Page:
Unless, of course, they were buying into some familiar gender stereotypes, which would seem to be the case for women’s colleges themselves if they were to assert that they are uniquely qualified to welcome transgender students. Women’s colleges might argue that, having dealt with one stigmatized and disadvantaged group, they are well-situated to deal with another. But, just as women’s colleges do not and would not want to corner the market on feminists, so they do not and should not want to corner the market on those able to understand and accept transgenderism. Moreover, it is not as if women’s colleges hold some kind of privileged place in the world of higher education or operate as special paths to social privilege, as men’s colleges did once upon a time.
In brief, it would be reasonable and understandable for a women’s college to decide that gender as a basis for admission and for participation in the life of the institution no longer makes sense in this day and age. The college could then decide that it no longer wishes to be a women’s college. But, if it still wishes to be a women’s college, then it should reasonably be expected to serve women.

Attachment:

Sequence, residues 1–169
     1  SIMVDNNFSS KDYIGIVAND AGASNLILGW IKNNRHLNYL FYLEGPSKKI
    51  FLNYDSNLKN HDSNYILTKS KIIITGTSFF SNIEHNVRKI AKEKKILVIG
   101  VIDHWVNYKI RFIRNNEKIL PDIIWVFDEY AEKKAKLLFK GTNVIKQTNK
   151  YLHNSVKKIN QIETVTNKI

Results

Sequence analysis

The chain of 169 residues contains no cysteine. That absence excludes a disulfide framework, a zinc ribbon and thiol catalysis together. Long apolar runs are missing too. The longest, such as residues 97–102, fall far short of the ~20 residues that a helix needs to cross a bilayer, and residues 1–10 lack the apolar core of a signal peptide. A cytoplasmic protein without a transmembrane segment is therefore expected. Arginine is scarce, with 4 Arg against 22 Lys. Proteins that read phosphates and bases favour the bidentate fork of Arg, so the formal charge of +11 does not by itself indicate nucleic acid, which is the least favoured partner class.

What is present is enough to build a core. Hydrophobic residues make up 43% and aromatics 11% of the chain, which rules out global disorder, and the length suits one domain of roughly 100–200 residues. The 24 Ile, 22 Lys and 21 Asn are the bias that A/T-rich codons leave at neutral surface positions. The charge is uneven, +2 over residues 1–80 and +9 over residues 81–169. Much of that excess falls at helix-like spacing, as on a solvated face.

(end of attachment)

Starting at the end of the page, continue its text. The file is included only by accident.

Judith Shapiro is former president of Barnard College and also is a former professor and provost at Bryn Mawr College.
Simmons College, in Massachusetts, has become the third women's college to announce that it will admit transgender applicants, The Boston Globe reported. Many women's colleges, formally or informally, have not taken action against students who enroll as women and who later determine that they identify as male. Simmons is now formally stating that such student are welcome. In addition, Simmons will now admit those who are born biologically male but who identify as women.
Faculty members at Brock University, in Canada, are angry that the winners of a student costume contest for Halloween were four students who put on blackface as part of their portrayal of the Jamaican bobsled team, CBC News reported. The university has said that it will consider ways to screen offensive costumes, but some faculty members consider that response to be insufficient.
Brock's student body president said that the contest was judged by audience applause, and that participants were not seeking to offend. But critics said that it should be well-known by now that blackface is not acceptable humor.